On my blog here, I write about all sorts of things, from Brazilian Jiu-Jitsu to hiking to fixing up the house. Some of my posts rank better than others, but I seriously couldn’t imagine creating a separate website for each one of my topics. I would never get anywhere – I’d have too much to maintain! Years ago, I tried to pull a few topics apart to write about them on their own sites, but I ended up moving everything back to this one. I like having all my writing in one place these days. It makes for a tidy feeling and sane mind.
But…and this is a big but…if you do have a particular topic that you’d like to dedicate your entire blog to, by all means go with it. You can even name your blog after it and choose a domain name that fits it well. And I’ll let you in on a little secret here – if other bloggers out there see that you’re committed to a topic similar to theirs, they may link to your website and become friends with you all because of that similarity. A photography specific website owner may not link to my “general” blog here because I’m all over the place. That type of blogger would be much more inclined to link to other photography only blogs. But if there were someone out there who writes and shares photos like I do (about everything), they’d likely share some love my way because they feel a connection between our lifestyles. I suppose it works both ways.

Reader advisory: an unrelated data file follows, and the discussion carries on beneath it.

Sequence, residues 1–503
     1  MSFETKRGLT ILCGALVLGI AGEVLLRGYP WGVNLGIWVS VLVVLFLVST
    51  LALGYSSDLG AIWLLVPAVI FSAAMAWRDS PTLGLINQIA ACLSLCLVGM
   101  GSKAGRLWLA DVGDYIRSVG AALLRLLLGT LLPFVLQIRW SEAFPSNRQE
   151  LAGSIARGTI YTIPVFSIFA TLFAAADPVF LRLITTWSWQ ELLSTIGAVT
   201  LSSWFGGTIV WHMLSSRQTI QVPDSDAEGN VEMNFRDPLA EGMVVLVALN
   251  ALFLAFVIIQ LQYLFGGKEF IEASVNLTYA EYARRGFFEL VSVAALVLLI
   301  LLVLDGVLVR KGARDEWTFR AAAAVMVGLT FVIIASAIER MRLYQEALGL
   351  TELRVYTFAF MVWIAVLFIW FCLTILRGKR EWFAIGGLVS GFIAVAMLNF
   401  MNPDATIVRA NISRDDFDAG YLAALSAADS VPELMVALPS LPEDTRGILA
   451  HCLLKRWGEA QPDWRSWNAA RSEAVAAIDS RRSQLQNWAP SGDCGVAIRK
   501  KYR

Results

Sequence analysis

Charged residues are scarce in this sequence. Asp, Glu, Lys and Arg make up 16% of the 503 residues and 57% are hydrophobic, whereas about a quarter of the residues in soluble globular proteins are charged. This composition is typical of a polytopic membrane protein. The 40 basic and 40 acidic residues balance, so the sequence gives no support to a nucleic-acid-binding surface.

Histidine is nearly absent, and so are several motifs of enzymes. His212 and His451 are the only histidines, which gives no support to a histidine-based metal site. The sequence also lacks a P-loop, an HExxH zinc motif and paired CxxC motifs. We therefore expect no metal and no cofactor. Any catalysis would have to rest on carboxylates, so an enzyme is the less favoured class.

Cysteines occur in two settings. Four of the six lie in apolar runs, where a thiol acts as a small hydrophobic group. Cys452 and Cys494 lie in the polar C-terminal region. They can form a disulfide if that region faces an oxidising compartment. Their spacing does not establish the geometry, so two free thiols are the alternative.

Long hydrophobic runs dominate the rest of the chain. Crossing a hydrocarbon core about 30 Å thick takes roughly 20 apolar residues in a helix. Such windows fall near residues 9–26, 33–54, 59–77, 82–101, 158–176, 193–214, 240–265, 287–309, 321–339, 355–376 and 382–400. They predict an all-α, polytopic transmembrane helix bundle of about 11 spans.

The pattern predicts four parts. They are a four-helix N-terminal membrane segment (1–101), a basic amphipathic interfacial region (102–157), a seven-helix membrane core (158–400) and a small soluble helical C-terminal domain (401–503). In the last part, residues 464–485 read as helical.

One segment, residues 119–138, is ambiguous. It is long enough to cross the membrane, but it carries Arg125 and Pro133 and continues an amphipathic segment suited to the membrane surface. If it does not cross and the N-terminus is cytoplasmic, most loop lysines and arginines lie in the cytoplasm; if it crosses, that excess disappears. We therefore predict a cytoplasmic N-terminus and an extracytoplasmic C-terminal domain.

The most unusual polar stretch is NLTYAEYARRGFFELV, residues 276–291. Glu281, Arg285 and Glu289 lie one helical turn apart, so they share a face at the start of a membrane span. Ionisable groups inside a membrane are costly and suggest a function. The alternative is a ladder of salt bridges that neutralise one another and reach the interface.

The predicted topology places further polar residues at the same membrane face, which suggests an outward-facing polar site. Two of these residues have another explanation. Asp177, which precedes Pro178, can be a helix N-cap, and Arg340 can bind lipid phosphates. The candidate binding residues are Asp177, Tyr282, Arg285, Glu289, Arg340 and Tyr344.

2. Choose Your Blogging Platform – WordPress
I’ll let you in on another secret. If you do decide to go ahead and launch your own blog, do it with WordPress. This platform has about a zillion users and support is very good. I began blogging with WordPress back in the beginning and haven’t looked back since. There are all sorts of themes and plugins and just about anything you could ever ask for as it pertains to running a website like the one you’re reading. As a matter of fact, some of the largest websites on earth use WordPress. You’d never know it because they’ve been styled in a very customized fashion, but it’s true.
If you choose WordPress for your blogging platform, just be aware that you have two options; a WordPress-hosted one as well a self-hosted one. The WordPress-hosted option can be found at WordPress.com and the self-hosted option can be found at WordPress.org. Notice the difference in these two. The first option lets you set up a free account to begin blogging within minutes. If you’d like to add some snazzy features, you can pay a few dollars a month to upgrade. If you’d like to download your own copy of the software to install on your own servers for ultimate control, you can do that too. That would be what the second option offers. It’s up to you. They’re both really great alternatives.
3. Keep it Clean & Uncluttered – No Frills
Whatever you decide to do, please make sure to keep your website clean and uncluttered. Believe it or not, I still see very dated looking websites out there that have those actively waving American flag graphics as well as weird dancing bears and the like. When you write and share photos online, you need to think about your audience. In general, folks are visiting your blog to absorb your content in the most simple way possible. No one wants to wade through an abyss of unclarity.